- In the early half of 2011 municipal bonds were under siege as famed market strategist, Meredith Whitney, forecasted “between 50 and 100 significant municipal bond defaults in 2011 totaling hundreds of billions of dollars.” The forecast triggered six months of selling in the municipal markets and a flight to quality such as general obligation bonds and revenue bonds. The premise of Ms. Whitney’s forecast was rooted in the belief that state revenues were going to fall far short of obligations such as health care services, education, salaries and pensions. However, defaults in 2011 were only a tiny fraction of Ms. Whitney’s prediction. Ms. Whitney’s analysis failed to recognize the sense of urgency municipalities embraced, resulting in more than 30 states raising taxes, 31 states reducing health care services, 29 states reducing services to the elderly and disabled, 34 states reducing funding for K-12 education, 43 states reducing funding for higher education and 44 states made cuts affecting their state work force.
Areas of Focus Going Forward
- There have been signs recently that the U.S. housing market is improving or has at least bottomed out. Home prices continue to decline, but homes are now extremely affordable, and it is now cheaper to own than rent in many areas. Construction should start to become a small positive for growth for the first time in years as high rent prices should spur construction of rental projects. The number of delinquent mortgages has been decreasing for some time now, and this should continue. It is clear that the housing sector remains weak but any improvement is a positive sign. The degree to which housing improves will depend heavily on other economic factors, especially employment. It is unlikely we will see any meaningful improvement in the housing market without any significant increase in employment. Regardless, the worst of the housing bust seems to be over.
- It is unlikely that the U.S. economy will significantly improve without improvement in the labor market. There have been signs of improvement over the last quarter of 2011. Initial unemployment claims have been trending lower, and the number of workers who lost their job over the past 12 months is lower now than before the recession. Small businesses have increased their hiring plans but they still remain below pre-recession levels. The current employment market seems to be a result of inadequate demand rather than supply, as even skilled and educated workers are struggling to find jobs. Long-term unemployment continues to be a problem as the share of unemployed workers who have been jobless for more than six months is at a post-WWII high. Overall, the labor market is improving, but it’s likely to be a slow climb back to pre-recession levels.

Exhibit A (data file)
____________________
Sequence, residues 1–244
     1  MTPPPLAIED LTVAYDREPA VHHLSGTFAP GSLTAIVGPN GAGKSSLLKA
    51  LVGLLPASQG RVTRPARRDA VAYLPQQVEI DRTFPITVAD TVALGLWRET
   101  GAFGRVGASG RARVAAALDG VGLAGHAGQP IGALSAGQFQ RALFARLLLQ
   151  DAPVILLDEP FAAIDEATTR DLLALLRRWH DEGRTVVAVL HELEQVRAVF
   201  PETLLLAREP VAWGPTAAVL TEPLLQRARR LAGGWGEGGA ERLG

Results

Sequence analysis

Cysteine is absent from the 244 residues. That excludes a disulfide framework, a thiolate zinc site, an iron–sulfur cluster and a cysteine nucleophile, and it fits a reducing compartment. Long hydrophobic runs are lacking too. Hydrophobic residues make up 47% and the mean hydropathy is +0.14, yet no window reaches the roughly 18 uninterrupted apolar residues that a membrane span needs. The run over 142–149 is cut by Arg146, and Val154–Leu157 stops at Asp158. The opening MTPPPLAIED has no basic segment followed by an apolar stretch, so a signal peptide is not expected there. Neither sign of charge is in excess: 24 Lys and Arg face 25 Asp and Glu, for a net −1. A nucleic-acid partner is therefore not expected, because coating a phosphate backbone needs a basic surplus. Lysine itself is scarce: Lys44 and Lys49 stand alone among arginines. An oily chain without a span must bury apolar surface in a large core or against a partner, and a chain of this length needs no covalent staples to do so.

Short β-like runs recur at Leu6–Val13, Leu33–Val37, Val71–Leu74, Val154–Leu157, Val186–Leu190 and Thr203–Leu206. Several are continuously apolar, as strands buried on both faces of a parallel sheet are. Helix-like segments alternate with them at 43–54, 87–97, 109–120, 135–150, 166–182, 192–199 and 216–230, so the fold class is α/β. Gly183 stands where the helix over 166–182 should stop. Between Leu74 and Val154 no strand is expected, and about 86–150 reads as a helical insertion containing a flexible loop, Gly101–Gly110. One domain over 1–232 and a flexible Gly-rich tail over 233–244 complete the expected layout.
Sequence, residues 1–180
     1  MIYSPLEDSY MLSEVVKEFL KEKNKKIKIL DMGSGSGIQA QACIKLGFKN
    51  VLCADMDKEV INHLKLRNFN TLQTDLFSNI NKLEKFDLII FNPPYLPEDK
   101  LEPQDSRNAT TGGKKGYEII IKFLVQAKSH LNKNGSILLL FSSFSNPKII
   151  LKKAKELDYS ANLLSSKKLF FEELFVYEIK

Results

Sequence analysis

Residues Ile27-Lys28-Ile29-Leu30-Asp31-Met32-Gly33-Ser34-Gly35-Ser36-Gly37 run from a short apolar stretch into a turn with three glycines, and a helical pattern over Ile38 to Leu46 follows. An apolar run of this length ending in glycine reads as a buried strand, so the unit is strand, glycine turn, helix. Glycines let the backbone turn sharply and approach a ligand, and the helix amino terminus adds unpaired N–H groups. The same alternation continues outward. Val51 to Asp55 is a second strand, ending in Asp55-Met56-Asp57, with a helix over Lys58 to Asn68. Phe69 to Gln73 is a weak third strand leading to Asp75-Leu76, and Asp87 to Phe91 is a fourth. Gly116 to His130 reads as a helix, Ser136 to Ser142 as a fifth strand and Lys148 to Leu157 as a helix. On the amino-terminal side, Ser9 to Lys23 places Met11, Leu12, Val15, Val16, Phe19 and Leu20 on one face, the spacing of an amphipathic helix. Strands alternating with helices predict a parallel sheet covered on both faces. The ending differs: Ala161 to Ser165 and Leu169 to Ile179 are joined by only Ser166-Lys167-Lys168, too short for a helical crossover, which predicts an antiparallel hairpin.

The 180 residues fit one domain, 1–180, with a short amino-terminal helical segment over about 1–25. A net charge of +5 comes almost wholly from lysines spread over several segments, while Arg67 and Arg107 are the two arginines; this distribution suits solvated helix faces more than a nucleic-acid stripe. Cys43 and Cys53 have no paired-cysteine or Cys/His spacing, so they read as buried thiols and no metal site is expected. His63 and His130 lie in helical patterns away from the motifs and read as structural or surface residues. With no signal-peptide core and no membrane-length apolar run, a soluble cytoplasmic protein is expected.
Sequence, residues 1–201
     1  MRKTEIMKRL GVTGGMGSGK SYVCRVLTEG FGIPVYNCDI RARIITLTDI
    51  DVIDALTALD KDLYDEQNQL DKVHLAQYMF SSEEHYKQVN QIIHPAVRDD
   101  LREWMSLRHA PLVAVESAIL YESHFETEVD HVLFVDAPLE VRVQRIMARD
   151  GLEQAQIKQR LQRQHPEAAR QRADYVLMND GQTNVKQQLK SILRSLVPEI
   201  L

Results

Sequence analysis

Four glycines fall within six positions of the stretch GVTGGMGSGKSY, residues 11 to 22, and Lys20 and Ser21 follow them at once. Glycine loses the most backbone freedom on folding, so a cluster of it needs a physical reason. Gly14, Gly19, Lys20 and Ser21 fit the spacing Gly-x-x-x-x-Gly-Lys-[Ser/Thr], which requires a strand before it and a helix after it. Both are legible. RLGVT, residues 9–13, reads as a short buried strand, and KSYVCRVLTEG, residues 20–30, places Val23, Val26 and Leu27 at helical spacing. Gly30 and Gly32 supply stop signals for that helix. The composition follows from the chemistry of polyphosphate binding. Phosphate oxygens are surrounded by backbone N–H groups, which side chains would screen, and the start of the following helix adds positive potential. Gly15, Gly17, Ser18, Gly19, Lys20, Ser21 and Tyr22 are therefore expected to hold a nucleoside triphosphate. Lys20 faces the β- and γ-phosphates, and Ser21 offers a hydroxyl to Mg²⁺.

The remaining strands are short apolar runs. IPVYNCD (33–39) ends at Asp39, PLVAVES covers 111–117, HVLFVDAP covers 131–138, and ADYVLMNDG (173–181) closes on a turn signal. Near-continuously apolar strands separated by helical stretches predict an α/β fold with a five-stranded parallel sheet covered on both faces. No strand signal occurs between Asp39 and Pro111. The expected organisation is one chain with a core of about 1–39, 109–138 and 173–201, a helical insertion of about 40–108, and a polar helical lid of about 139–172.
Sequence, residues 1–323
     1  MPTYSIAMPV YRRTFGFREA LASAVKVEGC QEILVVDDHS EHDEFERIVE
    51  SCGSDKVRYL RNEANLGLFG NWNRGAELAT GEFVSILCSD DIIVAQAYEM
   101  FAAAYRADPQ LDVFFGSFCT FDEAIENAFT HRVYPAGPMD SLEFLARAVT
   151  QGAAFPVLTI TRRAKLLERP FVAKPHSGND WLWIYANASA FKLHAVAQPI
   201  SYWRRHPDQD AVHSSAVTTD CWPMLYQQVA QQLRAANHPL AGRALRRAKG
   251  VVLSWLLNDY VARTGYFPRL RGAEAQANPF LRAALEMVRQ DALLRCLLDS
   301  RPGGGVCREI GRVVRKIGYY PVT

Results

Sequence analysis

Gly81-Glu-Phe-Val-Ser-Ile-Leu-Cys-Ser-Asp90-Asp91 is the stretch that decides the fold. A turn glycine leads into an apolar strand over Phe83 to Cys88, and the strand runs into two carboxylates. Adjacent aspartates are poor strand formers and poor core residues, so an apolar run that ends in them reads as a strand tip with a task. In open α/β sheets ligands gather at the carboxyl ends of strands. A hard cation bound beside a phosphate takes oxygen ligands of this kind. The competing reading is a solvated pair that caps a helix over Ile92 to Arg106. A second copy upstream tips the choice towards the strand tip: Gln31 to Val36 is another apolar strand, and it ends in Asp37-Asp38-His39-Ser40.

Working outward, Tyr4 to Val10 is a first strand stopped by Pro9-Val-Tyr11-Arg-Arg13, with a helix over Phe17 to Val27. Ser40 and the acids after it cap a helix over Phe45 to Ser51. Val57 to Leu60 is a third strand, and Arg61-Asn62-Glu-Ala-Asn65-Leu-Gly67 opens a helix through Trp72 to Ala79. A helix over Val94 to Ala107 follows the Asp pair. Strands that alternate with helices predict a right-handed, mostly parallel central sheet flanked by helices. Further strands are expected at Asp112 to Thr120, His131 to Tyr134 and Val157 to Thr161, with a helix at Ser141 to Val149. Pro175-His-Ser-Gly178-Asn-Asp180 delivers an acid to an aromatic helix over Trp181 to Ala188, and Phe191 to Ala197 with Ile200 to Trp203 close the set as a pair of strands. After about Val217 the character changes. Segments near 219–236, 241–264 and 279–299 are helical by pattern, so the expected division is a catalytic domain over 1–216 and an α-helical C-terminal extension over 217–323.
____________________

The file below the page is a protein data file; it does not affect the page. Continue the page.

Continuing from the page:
- As the world’s second largest economy, any slowdown in China’s growth is likely to have global implications. Throughout 2011 there have been signs that economic output in China is already slowing. A number of factors including a decrease in manufacturing activity, weak money and credit growth, and weakness in the housing sector suggest that China is already experiencing a cool down in a previously booming economy. The big question is whether the growth slowdown that we have seen so far in China is the start of something major or only the much hyped “soft-landing.” Most current data is pointing to a “soft landing”. Chinese authorities are well aware of the risks and have begun to respond accordingly. Reserve requirements have been cut, and further measures will be taken if economic conditions continue to worsen. Unlike the U.S. and Europe, China has plenty of fiscal and monetary ammunition to offset any decline in external demand.
- Of course the biggest story in 2012 is going to continue to be the European debt crisis. This remains the biggest downside risk to the global economy as sovereign debt and banking crises have accelerated and caused a marked slowdown in growth in most euro zone economies. The ultimate resolution is still unknown but a number of scenarios are possible depending on the measures taken by governing institutions within the euro zone. If the outlook for Europe continues to worsen there is an increased possibility that one or more countries may reintroduce national currencies or that the euro may be abandoned altogether. Although this risk is still somewhat remote, the possibility has increased over the last six months. The most feared result of the current crisis is that it escalates into a full-scale banking crisis. European banks hold an enormous amount of government bonds and are sure to be affected if the debt crisis escalates further. How this crisis eventually becomes resolved is still unknown and the uncertainties that continue to arise are sure to add to the volatility that we saw through much of 2011.
As 2012 begins we are cautiously optimistic that equity investments will offer solid returns for the year. Current conditions point to a moderate growth environment as reasonable valuations, low inflation, and low interest rates are likely to continue throughout the year. A degree of caution is warranted as there still remains a number of downside risks prevalent in the global economy and markets are likely to remain highly volatile. However, there is potential for the environment to become more favorable for equity investments over the coming months. We would become more bullish if there is further monetary easing in emerging economies (especially China) and if there are signs that the Euro banking crisis has peaked. Absent these conditions we recommend maintaining current equity exposure and taking advantage of pullbacks to add portfolio risk. If either of the above conditions does occur the environment will be much more favorable for adding risk at that time.